Michael Duffel, professor of medicinal and natural products chemistry in the College of Pharmacy and faculty member in human toxicology, studies the biochemistry of enzymes important in the detoxification of drugs and environmental chemicals.
Much of Duffel’s research focuses on enzymes called sulfotransferases that are involved both in drug metabolism and chemical carcinogenesis. Duffel’s work has helped provide a better understanding of the role of metabolism in a carcinogenic side effect that is seen in some patients treated with the drug Tamoxifen, which blocks the actions of estrogen and is used to treat and prevent some types of breast cancer. His studies on the same enzymes also are yielding new information about human metabolism of polychlorinated biphenyls (PCBs), a group of environmental pollutants with varied serious health effects.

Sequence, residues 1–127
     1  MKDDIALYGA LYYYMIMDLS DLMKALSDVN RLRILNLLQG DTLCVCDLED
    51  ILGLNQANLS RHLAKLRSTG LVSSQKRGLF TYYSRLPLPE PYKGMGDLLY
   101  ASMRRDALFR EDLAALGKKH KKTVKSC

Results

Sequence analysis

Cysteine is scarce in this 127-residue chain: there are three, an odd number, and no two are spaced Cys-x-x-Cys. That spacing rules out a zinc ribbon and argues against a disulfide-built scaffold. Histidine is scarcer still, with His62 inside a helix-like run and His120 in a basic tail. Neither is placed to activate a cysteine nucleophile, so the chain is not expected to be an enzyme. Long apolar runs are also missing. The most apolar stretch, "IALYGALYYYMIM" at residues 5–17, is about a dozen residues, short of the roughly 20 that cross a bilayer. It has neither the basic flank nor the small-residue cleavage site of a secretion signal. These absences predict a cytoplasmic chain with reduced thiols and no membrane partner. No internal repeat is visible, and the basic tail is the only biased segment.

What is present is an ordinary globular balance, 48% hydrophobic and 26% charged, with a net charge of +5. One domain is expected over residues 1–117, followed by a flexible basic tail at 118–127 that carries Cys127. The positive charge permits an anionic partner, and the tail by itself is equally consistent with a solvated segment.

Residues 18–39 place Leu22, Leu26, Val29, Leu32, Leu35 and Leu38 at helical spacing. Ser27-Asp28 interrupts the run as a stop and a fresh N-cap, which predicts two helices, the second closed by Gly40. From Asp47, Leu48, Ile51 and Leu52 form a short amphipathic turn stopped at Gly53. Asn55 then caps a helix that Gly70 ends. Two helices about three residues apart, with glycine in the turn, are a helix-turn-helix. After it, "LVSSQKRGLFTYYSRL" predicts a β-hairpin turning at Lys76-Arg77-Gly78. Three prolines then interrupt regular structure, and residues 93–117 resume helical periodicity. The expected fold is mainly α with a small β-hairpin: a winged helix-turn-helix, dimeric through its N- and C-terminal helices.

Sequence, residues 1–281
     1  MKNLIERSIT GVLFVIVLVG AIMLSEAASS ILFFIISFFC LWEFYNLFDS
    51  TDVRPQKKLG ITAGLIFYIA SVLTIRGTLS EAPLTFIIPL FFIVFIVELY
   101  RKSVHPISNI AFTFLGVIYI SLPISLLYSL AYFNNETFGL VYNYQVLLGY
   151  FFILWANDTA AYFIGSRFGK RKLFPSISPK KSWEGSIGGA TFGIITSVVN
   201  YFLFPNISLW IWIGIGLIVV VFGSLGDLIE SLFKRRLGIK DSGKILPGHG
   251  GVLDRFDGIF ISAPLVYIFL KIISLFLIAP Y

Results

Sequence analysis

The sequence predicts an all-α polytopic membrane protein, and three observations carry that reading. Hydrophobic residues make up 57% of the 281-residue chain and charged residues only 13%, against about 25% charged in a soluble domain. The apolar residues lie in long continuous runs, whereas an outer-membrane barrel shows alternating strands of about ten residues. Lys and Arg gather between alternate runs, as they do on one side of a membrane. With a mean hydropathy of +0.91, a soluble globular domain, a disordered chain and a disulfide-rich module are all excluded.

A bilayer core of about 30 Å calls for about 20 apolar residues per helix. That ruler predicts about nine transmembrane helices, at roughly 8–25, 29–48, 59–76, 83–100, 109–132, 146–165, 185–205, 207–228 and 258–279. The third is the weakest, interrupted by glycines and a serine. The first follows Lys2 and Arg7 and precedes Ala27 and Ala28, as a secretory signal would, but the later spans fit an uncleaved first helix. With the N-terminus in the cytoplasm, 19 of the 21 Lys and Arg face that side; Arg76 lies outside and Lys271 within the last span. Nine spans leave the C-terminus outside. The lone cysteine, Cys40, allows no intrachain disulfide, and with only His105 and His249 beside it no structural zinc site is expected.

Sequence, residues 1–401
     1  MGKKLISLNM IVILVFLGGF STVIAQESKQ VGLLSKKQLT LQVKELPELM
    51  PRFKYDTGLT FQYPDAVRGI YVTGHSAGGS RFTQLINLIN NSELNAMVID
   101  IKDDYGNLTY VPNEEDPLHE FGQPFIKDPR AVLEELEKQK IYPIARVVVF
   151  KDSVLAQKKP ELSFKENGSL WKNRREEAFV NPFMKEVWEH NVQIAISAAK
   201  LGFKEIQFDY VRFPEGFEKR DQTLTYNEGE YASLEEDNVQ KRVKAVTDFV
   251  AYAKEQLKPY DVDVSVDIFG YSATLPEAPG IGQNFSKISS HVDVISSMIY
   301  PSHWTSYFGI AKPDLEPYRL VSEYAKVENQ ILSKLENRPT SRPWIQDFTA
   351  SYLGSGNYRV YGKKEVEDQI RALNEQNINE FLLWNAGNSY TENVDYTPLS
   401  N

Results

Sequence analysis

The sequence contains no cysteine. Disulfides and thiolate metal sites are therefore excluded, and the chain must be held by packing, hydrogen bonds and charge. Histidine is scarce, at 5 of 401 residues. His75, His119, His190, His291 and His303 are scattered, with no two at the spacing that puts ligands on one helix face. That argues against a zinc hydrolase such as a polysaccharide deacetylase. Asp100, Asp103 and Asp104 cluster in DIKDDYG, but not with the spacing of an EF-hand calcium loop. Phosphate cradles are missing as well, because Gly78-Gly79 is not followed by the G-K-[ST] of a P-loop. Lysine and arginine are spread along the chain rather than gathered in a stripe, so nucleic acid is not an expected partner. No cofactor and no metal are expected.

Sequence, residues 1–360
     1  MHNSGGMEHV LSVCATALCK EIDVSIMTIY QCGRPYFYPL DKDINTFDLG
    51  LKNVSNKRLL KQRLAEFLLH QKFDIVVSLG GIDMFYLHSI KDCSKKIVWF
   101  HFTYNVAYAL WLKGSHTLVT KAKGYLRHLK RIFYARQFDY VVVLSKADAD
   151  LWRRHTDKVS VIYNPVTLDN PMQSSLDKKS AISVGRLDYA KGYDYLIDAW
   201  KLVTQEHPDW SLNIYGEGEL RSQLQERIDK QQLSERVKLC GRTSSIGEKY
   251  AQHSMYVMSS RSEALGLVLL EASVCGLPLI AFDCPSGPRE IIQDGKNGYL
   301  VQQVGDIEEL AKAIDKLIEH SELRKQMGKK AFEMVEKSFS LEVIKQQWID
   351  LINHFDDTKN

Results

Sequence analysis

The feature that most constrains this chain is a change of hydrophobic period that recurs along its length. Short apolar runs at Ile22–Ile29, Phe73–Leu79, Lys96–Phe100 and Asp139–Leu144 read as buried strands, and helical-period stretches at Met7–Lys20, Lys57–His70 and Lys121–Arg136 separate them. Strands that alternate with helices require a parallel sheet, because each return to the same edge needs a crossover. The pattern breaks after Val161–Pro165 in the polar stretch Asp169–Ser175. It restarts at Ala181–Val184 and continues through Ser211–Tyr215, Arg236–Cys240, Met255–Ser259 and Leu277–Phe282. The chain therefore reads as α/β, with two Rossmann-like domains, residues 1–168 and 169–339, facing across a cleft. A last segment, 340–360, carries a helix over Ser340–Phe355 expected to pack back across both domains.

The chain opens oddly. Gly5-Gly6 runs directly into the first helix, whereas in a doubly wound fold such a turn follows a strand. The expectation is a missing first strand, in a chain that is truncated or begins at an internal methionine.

“The research and learning environment at The University of Iowa is unique in its exceptionally strong collegiality and eagerness of faculty, students, and staff to cooperate across traditional boundaries of departments and colleges,” Duffel said.
Duffel was one of six University of Iowa faculty members to win the 2010 Regents Award for Faculty Excellence. Given by the Board of Regents, State of Iowa, the award honors faculty members for work representing a significant contribution to excellence in public education. Each honoree received $1,000.